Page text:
Your Snake Information Resource

Are you living in snake country? Are there snakes in your yard?

We live in Southern California, which is snake country. It's also one of the more dense human habitats. As our human housing requirements continue to rise, developers are constantly building homes where snakes used to live. This pushes snakes into smaller and smaller territory (habitat erosion) and makes unintentional encounters with human beings a matter of when, not if.

We have had many people ask us about snake-proofing their homes and yards, and there are also many questions about the area's only venomous snake - the Rattlesnake. Southwestern Herpetologists Society has a really great handout dealing with Rattlesnakes (click here), which they have kindly given us permission to reproduce here on the website. In addition to that information, we'll try to address some of the more common concerns here and give a bit of advice which will hopefully help.

Southern Pacific Rattlesnake

"Snake Proofing" your home and yard

We have had many people ask us about “snake-proofing” their homes and yards. The honest answer is that there really is no sure-fire way to do this. However, there are things that you can do to help cut down on the chances that you might have an unpleasant encounter with a snake.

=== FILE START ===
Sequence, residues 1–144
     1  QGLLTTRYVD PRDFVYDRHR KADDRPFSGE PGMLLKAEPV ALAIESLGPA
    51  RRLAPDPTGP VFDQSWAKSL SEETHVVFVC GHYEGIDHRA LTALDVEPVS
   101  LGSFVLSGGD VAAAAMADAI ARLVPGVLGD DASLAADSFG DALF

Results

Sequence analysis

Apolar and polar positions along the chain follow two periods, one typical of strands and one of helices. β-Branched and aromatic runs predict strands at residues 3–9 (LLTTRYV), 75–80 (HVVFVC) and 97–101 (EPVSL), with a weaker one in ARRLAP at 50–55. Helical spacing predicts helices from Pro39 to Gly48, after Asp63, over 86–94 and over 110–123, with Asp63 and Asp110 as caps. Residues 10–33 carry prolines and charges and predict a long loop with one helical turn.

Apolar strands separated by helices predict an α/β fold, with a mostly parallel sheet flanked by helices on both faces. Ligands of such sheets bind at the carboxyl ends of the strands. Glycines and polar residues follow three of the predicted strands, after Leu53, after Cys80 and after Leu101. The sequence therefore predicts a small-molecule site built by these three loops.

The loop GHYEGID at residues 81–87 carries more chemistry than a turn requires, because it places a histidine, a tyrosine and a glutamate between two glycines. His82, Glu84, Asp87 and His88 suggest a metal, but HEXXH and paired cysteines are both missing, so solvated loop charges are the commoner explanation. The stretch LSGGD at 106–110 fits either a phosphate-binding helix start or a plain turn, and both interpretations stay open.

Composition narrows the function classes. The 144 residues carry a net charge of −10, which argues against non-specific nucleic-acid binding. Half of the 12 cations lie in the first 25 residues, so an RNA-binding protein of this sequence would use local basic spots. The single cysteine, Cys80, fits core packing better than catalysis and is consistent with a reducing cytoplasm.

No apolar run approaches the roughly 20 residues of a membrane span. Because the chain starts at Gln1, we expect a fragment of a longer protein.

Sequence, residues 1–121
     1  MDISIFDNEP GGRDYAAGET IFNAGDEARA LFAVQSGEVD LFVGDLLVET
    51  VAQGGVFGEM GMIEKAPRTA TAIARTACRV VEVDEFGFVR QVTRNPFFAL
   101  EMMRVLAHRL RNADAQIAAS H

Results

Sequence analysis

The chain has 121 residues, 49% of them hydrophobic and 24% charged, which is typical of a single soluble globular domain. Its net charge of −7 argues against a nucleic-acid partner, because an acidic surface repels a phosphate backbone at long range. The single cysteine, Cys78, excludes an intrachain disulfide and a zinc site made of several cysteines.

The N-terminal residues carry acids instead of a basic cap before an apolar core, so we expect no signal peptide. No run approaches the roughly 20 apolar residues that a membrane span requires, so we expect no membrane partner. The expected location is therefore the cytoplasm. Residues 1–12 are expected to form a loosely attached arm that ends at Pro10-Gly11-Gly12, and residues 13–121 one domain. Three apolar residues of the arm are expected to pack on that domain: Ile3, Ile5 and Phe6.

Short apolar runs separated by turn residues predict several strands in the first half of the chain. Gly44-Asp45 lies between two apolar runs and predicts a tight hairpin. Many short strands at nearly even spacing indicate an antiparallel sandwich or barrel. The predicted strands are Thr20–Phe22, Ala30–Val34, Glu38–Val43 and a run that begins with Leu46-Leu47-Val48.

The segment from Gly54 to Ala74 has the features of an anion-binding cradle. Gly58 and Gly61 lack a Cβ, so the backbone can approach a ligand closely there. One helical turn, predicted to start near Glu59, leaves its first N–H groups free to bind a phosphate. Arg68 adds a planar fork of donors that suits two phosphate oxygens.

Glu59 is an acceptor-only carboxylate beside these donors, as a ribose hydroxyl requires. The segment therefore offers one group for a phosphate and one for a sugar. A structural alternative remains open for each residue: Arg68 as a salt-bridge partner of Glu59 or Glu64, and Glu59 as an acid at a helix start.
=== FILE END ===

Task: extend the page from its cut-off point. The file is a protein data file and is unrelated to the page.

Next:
Think like a snake: Snakes like to find tight little places to hide. They are really quite timid creatures, and don't like to be “exposed“ and vulnerable to predators. They will seek out and find all kinds of small places to hide around a house and yard.

Under the house - make sure that your under-house vents have intact screens on them. This prevents not only snakes from getting under there, but it keeps out Skunks and Opossums too.

Near the house - don't stack things like pieces of wood, or empty boxes against the wall of your house. Behind and under these things are ideal hide places for snakes.

In the yard - Keep the yard tidy and don't leave empty flowerpots, or other things around. You'll make a snake's day if you do because those are ideal to hide in.

Dense ivy and brush are also ideal for snakes. Keep this pruned and somewhat sparse (so you can easily see through it), and snakes won't like it as much.

Cracks and crevices in rock walls should be filled with mortar. This will also keep spiders such as black widows from making a home there.

You can also buy snake-repellent on the internet. We have no experience with this, but the theory is that you can make a perimeter around your yard which snakes will tend to avoid. This seems like a good idea, but we're a bit skeptical, not having had any feedback from people on this, and no personal experience with these products.


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